GM wins tax break from Detroit suburb for $1.3 billion plant expansion for EVs, batteries
Orion Township's board of trustees on Tuesday approved a 12-year tax break for General Motors to launch a $1.3 billion expansion of its Orion Assembly plant for production of EVs and batteries.
If GM decides to move forward with a new capital investment at the 39-year-old assembly plant, the automaker would get a 50 percent reduction in property taxes over 12 years on the new facility, Orion Township Supervisor Chris Barnett said.
GM, which has already signaled plans for the plant, indicated an expansion of Orion Assembly could be used for battery assembly as well as new vehicle assembly platforms, Barnett said.
"Apparently there's going to be an announcement next week," Barnett told Crain's Detroit Business on Tuesday night. "What we did tonight just paves the way to let them know that the local unit of government is supportive of them continuing to reinvest in the plant in Orion."
"Until they put a shovel in the ground, nothing really has been done," Barnett added. Crain's is an affiliate of Automotive News.The Orion plant, which opened in 1983, has a workforce of 1,029 hourly and 152 salary employees.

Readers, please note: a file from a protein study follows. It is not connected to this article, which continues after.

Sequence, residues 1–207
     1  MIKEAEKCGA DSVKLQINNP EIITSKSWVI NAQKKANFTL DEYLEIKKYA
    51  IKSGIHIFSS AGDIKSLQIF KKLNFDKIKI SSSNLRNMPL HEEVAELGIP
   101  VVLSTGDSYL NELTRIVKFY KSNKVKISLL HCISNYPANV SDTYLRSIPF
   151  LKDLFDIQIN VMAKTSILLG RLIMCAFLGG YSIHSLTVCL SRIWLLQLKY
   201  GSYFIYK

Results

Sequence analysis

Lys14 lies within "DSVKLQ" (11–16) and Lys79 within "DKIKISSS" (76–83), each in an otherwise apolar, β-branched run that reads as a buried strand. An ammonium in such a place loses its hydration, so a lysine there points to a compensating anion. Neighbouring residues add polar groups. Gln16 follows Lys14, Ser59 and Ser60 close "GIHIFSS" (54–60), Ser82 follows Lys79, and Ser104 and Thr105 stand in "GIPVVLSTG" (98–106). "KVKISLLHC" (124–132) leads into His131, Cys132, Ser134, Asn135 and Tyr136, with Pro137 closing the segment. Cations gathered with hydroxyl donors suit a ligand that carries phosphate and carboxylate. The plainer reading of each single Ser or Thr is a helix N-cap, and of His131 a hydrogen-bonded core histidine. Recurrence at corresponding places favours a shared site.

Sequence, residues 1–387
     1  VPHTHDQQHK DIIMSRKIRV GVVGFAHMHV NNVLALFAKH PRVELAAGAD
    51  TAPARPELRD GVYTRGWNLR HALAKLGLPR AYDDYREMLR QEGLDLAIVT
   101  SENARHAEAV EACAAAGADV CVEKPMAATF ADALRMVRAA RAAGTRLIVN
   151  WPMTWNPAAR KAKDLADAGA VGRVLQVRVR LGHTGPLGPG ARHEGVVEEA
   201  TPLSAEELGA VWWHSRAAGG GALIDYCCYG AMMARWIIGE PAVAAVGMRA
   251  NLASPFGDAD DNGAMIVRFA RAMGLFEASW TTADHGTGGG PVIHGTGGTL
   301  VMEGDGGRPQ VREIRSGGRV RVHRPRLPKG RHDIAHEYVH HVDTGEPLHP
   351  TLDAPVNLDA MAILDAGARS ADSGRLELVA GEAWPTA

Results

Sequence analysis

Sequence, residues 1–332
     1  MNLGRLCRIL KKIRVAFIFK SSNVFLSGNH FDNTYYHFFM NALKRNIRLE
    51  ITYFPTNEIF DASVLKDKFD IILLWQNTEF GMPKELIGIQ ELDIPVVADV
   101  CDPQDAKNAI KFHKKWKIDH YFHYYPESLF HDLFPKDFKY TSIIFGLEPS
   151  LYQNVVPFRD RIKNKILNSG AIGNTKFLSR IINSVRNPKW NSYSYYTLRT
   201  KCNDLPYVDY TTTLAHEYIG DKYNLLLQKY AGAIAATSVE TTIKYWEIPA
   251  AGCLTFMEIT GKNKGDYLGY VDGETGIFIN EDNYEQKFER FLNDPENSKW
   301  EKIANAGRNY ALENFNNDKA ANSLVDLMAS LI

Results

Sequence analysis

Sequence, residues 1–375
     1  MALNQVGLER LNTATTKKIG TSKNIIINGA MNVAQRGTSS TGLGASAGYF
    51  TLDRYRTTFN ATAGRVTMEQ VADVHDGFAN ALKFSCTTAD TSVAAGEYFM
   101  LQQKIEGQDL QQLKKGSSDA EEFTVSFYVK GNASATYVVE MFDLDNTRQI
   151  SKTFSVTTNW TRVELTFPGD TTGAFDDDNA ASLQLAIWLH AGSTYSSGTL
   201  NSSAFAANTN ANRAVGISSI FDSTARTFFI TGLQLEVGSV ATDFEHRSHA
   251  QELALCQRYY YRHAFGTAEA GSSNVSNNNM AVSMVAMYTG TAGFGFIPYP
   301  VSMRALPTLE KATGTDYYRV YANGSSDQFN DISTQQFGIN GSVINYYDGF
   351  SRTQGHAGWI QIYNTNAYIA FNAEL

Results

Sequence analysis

The Orion Township board's move comes as Gov. Gretchen Whitmer's administration and the Michigan Economic Development Corp. have been chasing GM's planned investment in two new battery-manufacturing plants.
In December, the Michigan Legislature raced a new $1 billion tax incentives fund — paid for with federal stimulus funds — to Whitmer's desk for her speedy signature before Christmas.
The fund was pitched by some lawmakers as critical to winning GM's next battery plant. The automaker has previously announced plans to build EV battery plants in Lordstown, Ohio, and Spring Hill, Tenn.
The Michigan Strategic Fund board, which next meets Tuesday, is the state entity empowered to award cash incentives from the new $1 billion fund.
In December, the Lansing City Council quickly endorsed tax breaks for GM to subsidize the construction of a $2.5 billion EV battery plant adjacent to the automaker's Delta Township assembly plant west of Lansing.
The capital city's council unanimously approved resolutions that would establish a Renaissance Zone on a 529-acre tract of land, making it mostly property tax-free for 18 years. For tax purposes, the land would be annexed into the city of Lansing through an agreement with Delta Township, officials said.
Lansing's city-owned utility, Lansing Board of Water & Light, later approved special electricity rates for the potential battery plant.
GM has not made a final decision on either project, company spokesman Daniel Flores said Tuesday.
"GM sincerely appreciates the support the Orion Township Board of Trustees showed by approving our tax abatement application this evening," Flores said in a statement.
"Securing all available tax incentives plays a critical role in any business case moving forward. Approving our tax incentive application is certainly a positive step forward, however, the proposed project is not approved. I'm not going to speculate on GM leadership making a final determination on the business case under development."
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